20,000 Personnel Studied Vietnamese

           At the Presidio of Monterey, the renamed Army Language School expanded rapidly in 1947-48 at the outset of the Cold War. Instructors, including native speakers of more than 30 languages and dialects, were recruited from all over the world. Russian became the largest language program, followed by Chinese, Korean, and German.

          During the peak of American involvement in Vietnam (1965-73), the DLI stepped up the pace of language training. While regular language training continued unabated, more than 20,000 service personnel studied Vietnamese through the DLI’s programs, many taking a special 8-week military adviser ‘survival’ course.


#14      When Jeff graduated from the Vietnamese course at the end of ’62, the war in Vietnam was still at a low intensity involving a relatively modest American commitment.

31 Advisors Killed in Action

            As of the end of 1962, there were 11,326 US military personnel in South Vietnam, the US Air Force had flown 2,334 combat missions, and 31 military advisers attached to South Vietnamese Army units had been killed in action.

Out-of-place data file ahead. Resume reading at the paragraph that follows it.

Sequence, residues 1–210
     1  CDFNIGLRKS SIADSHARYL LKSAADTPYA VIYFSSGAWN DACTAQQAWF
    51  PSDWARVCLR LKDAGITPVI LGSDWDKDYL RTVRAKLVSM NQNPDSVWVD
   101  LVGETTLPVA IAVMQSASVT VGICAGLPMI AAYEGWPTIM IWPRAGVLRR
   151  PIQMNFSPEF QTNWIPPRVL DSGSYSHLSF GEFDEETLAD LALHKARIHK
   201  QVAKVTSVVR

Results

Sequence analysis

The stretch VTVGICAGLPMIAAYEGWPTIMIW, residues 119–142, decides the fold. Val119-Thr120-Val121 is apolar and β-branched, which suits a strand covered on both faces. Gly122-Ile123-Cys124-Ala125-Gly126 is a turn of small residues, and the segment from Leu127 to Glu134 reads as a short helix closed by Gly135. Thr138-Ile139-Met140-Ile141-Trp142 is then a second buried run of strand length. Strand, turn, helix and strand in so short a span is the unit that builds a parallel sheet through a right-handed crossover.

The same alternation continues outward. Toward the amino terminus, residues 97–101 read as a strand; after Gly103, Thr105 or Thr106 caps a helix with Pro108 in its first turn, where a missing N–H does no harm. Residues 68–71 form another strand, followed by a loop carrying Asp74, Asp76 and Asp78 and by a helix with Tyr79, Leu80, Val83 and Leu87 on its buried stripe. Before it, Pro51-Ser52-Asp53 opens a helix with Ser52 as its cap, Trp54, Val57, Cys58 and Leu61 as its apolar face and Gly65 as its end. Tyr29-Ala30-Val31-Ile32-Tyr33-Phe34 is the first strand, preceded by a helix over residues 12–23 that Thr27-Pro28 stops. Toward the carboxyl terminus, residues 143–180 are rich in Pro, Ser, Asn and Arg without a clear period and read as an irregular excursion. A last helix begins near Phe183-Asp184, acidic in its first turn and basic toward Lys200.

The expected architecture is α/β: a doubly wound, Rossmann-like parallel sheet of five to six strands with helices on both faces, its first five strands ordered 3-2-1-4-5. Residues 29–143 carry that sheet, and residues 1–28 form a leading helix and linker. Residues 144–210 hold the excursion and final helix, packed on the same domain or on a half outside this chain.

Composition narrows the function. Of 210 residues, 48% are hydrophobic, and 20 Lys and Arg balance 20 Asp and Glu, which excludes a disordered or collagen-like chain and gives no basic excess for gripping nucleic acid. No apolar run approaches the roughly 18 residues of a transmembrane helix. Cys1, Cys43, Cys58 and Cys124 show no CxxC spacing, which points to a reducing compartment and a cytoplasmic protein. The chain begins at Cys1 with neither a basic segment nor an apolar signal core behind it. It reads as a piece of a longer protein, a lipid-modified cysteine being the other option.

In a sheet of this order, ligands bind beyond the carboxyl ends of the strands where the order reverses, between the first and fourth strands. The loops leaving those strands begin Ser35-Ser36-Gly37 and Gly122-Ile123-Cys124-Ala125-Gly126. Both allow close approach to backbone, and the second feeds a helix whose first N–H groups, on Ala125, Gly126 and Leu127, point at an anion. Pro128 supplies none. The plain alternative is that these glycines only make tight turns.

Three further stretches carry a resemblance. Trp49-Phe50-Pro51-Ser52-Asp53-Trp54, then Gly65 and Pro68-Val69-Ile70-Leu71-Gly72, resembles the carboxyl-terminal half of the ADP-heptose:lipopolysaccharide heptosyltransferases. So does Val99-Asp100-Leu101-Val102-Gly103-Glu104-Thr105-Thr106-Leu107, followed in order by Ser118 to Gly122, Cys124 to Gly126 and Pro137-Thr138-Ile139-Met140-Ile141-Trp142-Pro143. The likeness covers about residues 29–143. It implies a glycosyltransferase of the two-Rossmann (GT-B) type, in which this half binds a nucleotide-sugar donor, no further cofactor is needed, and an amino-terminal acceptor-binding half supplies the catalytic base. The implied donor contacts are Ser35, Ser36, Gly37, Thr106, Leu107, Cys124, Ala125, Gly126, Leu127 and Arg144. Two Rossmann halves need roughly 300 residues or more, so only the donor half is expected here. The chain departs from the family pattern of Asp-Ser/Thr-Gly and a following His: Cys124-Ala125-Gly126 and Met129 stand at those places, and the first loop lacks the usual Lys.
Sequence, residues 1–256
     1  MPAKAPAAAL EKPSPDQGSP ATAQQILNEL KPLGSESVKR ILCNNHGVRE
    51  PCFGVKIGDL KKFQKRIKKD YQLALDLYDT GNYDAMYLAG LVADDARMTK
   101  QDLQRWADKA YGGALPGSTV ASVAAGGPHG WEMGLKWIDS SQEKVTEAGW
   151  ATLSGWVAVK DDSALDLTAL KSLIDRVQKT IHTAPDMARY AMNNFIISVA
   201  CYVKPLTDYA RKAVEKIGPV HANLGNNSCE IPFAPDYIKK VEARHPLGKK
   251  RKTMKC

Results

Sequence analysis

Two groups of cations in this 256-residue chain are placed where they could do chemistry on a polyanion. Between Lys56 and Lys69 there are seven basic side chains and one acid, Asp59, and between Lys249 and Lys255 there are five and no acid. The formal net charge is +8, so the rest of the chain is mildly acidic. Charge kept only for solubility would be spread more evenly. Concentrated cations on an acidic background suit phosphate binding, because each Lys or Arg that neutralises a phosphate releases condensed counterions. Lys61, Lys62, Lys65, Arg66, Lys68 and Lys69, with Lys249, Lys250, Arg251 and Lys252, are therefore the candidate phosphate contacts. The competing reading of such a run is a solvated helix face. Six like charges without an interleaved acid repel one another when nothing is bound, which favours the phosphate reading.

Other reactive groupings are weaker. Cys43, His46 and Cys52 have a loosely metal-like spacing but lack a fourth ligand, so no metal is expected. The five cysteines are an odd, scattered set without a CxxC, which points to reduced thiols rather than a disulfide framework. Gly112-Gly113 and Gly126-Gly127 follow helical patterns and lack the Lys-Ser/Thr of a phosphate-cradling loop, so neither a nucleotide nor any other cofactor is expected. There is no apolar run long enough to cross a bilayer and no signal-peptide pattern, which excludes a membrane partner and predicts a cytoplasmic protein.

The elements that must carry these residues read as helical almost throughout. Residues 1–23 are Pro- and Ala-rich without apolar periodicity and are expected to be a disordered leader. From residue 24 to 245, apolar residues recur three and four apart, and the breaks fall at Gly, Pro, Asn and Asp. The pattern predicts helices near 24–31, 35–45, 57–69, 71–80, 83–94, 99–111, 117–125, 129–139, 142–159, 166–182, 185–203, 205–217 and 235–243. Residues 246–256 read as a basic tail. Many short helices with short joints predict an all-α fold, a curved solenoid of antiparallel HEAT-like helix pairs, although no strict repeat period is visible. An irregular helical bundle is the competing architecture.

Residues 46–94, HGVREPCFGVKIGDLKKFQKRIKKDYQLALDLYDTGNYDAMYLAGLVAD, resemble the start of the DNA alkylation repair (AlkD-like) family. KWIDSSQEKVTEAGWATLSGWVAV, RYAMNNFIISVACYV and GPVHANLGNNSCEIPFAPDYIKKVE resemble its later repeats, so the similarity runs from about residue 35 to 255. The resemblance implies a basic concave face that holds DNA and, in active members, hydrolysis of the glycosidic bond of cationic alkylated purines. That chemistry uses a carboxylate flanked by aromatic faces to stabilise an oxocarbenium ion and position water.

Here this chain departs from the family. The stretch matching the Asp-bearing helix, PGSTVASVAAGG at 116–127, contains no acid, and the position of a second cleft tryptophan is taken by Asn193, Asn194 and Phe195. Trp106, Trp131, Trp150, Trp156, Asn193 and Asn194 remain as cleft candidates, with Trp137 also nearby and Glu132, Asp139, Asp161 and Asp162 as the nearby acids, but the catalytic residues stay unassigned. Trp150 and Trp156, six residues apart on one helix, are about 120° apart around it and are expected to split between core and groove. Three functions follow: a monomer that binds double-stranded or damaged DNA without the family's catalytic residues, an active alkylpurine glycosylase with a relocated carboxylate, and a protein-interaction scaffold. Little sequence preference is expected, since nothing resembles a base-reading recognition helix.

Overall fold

#15     Upon enlisting in ASA, you still had to pass a language aptitude test to qualify for the language school. If the test was passed, you were given a few minutes to choose one of several languages in which there were current openings. Keith Willis describes his experience. 

No One Chose Vietnamese

             I remember thinking about the language choices for 15 seconds. I really did not think it made any difference. I would say, with some degree of certainty, that Spanish and French were my first two choices, maybe in that order.

           Vietnamese was an afterthought because I had never heard of Vietnam and figured that would not matter in their decision. Probably no one put down Vietnamese, so when I did it immediately closed the deal. Funny how things turn out.